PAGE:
Here we simply start from base image pyhon:3.7.6, on top of that we install requirements using pip install, we then copy all our files from current directory to the image root directory, we tell docker that we want to expose port 8000 from our image. Finally we run our application using CMD command.

One comment here is that in production you would like to use gunicorn instead of unvicorn, concequently we need to change the CMD to look like the following

Build and Run

Now we have created our Dockerfile we can build an Image for our model using docker build command as the following, we start your Docker desktop and on the root folder of our model we issue the following command from the termainal:

docker build -t housing_price_pred_model .

If we ls the docker images we find:

(venv) G:\0Yaser\repos\ml_model_containerized>docker image ls
REPOSITORY                        TAG                 IMAGE ID            CREATED             SIZE
housing_price_pred_model          latest              cc6b1383c057        52 seconds ago      1.29GB

And to run a container based on our image we use the following command:

docker run -d --name housing_price_pred_model_container -p 8000:8000 housing_price_pred_model

(venv) G:\0Yaser\repos\ml_model_containerized>docker container ls
CONTAINER ID        IMAGE                      COMMAND             CREATED             STATUS              PORTS                    NAMES
a181597082ed        housing_price_pred_model   "python app.py"     7 seconds ago       Up 6 seconds        0.0.0.0:8000->8000/tcp   housing_price_pred_model_container

Now we can go to http://localhost:8000 to check if our API server is alive:

We point to the automatically generated swagger documentation for our API’s on http://localhost:8000/docs

Finally we can test our predict API like:

Full code of this post is here: https://github.com/YaserMarey/ml_model_containerized

Salam,

[Thoughts on machine learning – 3]

You are successful in building an NLP Question-Answering system when you find it exhibiting the behavior of a “full-text search that takes into account the meaning of the words in your query and the documents you’re searching

Scrum 2020

Last November, Ken Schwaber and Jeff Sutherland issued a new and major update to Scrum Guide.

This version has a number of noticeable changes from Scrum 2017, here the most important changes in my opinion:

Less is More

Scrum is a framework, and this is emphasized in this version removing any implementation details and softening prescriptive language. One of the first things you will notice is the removal of Daily Scrum questions.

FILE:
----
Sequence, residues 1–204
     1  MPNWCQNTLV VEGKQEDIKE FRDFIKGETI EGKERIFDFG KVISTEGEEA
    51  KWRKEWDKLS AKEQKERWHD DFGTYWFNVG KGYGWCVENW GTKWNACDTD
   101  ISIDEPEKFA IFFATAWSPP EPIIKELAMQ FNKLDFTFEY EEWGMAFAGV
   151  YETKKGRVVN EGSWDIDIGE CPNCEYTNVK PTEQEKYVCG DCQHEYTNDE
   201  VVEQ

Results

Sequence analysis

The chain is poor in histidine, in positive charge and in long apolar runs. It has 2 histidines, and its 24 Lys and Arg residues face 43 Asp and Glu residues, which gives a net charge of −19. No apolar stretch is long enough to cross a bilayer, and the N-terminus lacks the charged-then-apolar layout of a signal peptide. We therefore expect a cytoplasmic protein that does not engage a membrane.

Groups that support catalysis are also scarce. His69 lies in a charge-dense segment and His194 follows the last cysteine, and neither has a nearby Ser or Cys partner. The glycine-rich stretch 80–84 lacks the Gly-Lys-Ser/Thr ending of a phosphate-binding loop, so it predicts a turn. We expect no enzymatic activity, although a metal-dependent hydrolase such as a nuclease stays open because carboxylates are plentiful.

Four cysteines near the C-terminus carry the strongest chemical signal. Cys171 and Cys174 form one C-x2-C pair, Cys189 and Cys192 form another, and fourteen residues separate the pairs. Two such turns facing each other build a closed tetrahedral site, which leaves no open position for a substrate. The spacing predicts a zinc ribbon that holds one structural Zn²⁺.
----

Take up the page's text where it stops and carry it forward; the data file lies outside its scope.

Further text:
PO is Part of the Team

The Product Owner is not the new Requirements Engineer or the System Analyst. He or She is part of the team, this is stressed in this version of the guide and consequently, PO shares the responsibilities with developers and the scrum master.

New Concept of Product Goal

Set by the Product Owner, the Product Goal is another manifestation for the idea of Scrum as a framework whose objective is to give the team the focus and let the team figure out the details. Each sprint should bring the team closer to achieving the Product Goal.

Commitments

More transparency into progress through a set of commitments, one for each of the Scrum artifacts. In Scrum 2020 Guide, the Product Backlog has a Product Goal as a commitment, the Sprint Backlog has Sprint Goal as a commitment, and the Product Increment must fulfill its commitment which is the Definition of Done.

Self-Managing Team

Scrum self-organizing teams have the authority to choose who and how to do the work. This version of the Scrum Guide adds choosing “what” to work on from the product backlog each sprint to these authorities.

I have also just finished my translation to Arabic for this new version of the Scrum Guide. You can download it from here and soon it will be published on scrumguides.org

In this translation, with help from a number of interested colleagues, I put extra effort to make the Arabic text readable and understandable as much as possible.

Salam,

Humble machines

[Thoughts on machine learning – 2]

All men by nature desire to know…” Aristotle. To be wise is to admit that you don’t know, you are not sure, that is to take probabilities into account! If we want machines to be wise, that is to exhibit intelligence, then machines should admit its ignorance! For me, computer programs written with a fixed heuristic set of rules are only stupid, those which send their feedback with a shy confidence are way more intelligent. 

[Thoughts on machine learning – 1]